First Person is also a platform to influence policy. Recent high school graduate Anisah Karim described the pressure she felt to apply to 100 colleges in the quest for millions of dollars in scholarships. Because of her piece, the school board in Memphis is reviewing the so-called “million-dollar scholar” culture at some high schools.

Do you have a story to tell or a point to make? In 2018, we want to give an even greater voice to students, parents, teachers, administrators, advocates and others who are trying to improve public education in Tennessee. We’re looking for essays of 500 to 750 words grounded in personal experience.

Whether your piece is finished or you just have an idea to discuss, drop a line to Community Editor Caroline Bauman at

But first, check out these top First Person pieces from Tennesseans in 2017:

My high school told me to apply to 100 colleges — and I almost lost myself in the process

“A counselor never tried to determine what the absolute best school for me would be. I wasted a lot of time, money and resources trying to figure that out. And I almost lost myself in the process.” —Anisah Karim     

Why I’m not anxious about where my kids go to school — but do worry about the segregation that surrounds us

“In fact, it will be a good thing for my boys to learn alongside children who are different from them in many ways — that is one advantage they will have that I did not, attending parochial schools in a lily-white suburb.” —Mary Jo Cramb

I covered Tennessee’s ed beat for Chalkbeat. Here’s what I learned.

“Apathy is often cited as a major problem facing education. That’s not the case in Tennessee.” —Grace Tatter

I went viral for walking my students home from school in Memphis. Here’s what got lost in the shuffle.

“When #blacklivesmatter is a controversial statement; when our black male students have a one in three chance of facing jail time; when kids in Memphis raised in the bottom fifth of the socioeconomic bracket have a 2.6 percent chance of climbing to the top fifth — our walking students home does not fix that, either.” —Carl Schneider

I think traditional public schools are the backbone of democracy. My child attends a charter school. Let’s talk.

“It was a complicated choice to make. The dialogue around school choice in Nashville, though, doesn’t often include much nuance — or many voices of parents like me.” —Aidan Hoyal

I grew up near Charlottesville and got a misleading education about Civil War history. Students deserve better.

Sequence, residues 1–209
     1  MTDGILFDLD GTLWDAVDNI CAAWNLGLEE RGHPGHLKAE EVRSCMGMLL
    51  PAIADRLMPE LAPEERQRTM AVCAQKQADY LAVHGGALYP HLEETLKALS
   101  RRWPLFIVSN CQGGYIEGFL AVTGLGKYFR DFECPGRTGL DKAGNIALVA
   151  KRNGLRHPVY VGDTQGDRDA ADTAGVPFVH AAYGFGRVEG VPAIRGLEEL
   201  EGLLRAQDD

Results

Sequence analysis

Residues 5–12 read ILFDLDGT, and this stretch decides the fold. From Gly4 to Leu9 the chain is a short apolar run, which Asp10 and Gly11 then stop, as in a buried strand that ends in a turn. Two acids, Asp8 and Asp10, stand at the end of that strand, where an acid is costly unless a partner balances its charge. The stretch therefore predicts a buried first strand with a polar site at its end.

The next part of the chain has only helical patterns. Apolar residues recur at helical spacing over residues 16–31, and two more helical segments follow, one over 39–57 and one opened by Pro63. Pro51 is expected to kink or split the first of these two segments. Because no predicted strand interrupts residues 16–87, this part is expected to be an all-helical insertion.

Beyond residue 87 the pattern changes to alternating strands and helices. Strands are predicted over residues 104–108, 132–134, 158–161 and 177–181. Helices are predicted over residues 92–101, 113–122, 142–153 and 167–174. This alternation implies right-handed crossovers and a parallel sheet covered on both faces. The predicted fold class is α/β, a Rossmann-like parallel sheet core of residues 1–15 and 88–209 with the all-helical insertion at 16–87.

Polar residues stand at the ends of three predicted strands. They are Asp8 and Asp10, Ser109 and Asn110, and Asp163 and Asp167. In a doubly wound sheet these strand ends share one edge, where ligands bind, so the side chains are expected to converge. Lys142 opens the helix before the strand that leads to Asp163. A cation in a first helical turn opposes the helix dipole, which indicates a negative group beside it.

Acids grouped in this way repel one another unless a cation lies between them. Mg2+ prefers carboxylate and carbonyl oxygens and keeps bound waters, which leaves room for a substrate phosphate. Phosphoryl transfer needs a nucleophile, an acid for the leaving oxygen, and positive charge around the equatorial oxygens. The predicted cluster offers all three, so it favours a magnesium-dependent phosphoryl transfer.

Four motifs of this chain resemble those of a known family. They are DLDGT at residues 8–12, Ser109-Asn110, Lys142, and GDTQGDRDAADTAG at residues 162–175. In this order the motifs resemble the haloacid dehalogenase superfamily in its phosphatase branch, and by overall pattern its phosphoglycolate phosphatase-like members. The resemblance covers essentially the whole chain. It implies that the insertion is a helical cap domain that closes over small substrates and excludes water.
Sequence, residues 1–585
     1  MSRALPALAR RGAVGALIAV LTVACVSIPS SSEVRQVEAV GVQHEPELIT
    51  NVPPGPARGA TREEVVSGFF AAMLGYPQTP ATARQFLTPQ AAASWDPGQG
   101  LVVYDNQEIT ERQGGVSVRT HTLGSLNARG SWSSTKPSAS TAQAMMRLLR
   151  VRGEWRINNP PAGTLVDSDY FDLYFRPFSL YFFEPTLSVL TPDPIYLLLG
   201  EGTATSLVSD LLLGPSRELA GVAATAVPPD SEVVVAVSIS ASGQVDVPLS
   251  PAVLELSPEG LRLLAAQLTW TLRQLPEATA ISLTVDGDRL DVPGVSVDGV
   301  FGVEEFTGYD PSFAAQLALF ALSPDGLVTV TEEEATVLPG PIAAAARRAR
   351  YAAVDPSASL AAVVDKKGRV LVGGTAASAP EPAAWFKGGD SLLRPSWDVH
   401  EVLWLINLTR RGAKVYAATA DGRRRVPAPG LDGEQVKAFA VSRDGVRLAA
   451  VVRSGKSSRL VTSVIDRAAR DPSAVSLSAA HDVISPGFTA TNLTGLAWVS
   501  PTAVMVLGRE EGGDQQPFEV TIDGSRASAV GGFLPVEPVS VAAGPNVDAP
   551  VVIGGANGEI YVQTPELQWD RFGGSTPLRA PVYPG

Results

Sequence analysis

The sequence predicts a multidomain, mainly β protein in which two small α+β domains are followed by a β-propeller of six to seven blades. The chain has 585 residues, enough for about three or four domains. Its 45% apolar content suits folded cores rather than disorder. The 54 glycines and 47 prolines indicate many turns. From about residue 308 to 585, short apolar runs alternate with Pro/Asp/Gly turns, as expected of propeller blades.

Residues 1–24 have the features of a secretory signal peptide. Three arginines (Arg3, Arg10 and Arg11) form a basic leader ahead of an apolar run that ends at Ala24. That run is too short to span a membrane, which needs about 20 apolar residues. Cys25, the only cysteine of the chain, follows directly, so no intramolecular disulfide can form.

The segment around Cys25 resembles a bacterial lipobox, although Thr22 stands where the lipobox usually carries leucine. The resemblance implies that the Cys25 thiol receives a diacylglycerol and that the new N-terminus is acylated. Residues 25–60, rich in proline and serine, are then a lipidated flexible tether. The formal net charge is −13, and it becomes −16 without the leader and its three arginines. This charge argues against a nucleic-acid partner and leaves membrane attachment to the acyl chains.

“In my classroom discussions, the impetus for the Civil War was resigned to a debate over the balance of power between federal and state governments. Slavery was taught as a footnote to the cause of the war.” —Laura Faith Kebede

Weekend Reads

Need classroom decor inspiration? These educators have got you covered.

This school year, students will spend about 1,000 hours in school —making their classrooms a huge part of their learning experience.

We’re recognizing educators who’ve poured on the pizazz to make students feel welcome. From a 9th-grade “forensics lab” decked out in caution tape to a classroom stage complete with lights to get first graders pumped about public speaking, these crafty teachers have gone above and beyond to create great spaces.

Got a classroom of your own to show off? Know someone that should be on this list? Let us know!

Jaclyn Flores, First Grade Dual Language, Rochester, New York
“Having a classroom that is bright, cheerful, organized and inviting allows my students to feel pride in their classroom as well as feel welcome. My students look forward to standing on the stage to share or sitting on special chairs to dive into their learning. This space is a safe place for my students and we take pride in what it has become.”

Jasmine, Pre-K, Las Vegas, Nevada
“My classroom environment helps my students because providing calming colors and a home-like space makes them feel more comfortable in the classroom and ready to learn as first-time students!”


Oneika Osborne, 10th Grade Reading, Miami Southridge Senior High School, Miami, Florida
“My classroom environment invites all of my students to constantly be in a state of celebration and self-empowerment at all points of the learning process. With inspirational quotes, culturally relevant images, and an explosion of color, my classroom sets the tone for the day every single day as soon as we walk in. It is one of optimism, power, and of course glitter.”

Kristen Poindexter, Kindergarten, Spring Mill Elementary School, Indianapolis, Indiana
“I try very hard to make my classroom a place where memorable experiences happen. I use songs, finger plays, movement, and interactive activities to help cement concepts in their minds. It makes my teacher heart so happy when past students walk by my classroom and start their sentence with, “Remember when we…?”. We recently transformed our classroom into a Mad Science Lab where we investigated more about our 5 Senses.”


Brittany, 9th Grade Biology, Dallas, Texas
“I love my classroom environment because I teach Biology, it’s easy to relate every topic back to Forensics and real-life investigations! Mystery always gets the students going!”


Ms. Heaton, First Grade, Westampton, New Jersey
“As an educator, it is my goal to create a classroom environment that is positive and welcoming for students. I wanted to create a learning environment where students feel comfortable and in return stimulates student learning. A classroom is a second home for students so I wanted to ensure that the space was bright, friendly, and organized for the students to be able to use each and every day.”

D’Essence Grant, 8th Grade ELA, KIPP Houston, Houston, Texas
“Intentionally decorating my classroom was my first act of showing my students I care about them. I pride myself on building relationships with my students and them knowing I care about them inside and outside of the classroom. Taking the time to make the classroom meaningful and creative as well building a safe place for our community helps establish an effective classroom setting.”


Jayme Wiertzema, Elementary Art, Worthington, Minnesota
“I’m looking forward to having a CLASSROOM this year. The past two years I have taught from a cart and this year my amazing school district allowed me to have a classroom in our school that is busting at the seams! I’m so excited to use my classroom environment to inspire creativity in my students, get to know them and learn from their amazing imaginations in art class!”


Melissa Vecchio, 4th Grade, Queens, New York
“Since so much of a student’s time is spent inside their classroom, the environment should be neat, organized, easy to move around in but most of all positive. I love to use a theme to reinforce great behavior. I always give the students a choice in helping to design bulletin boards and desk arrangements. When they are involved they take pride in the classroom, and enjoy being there.”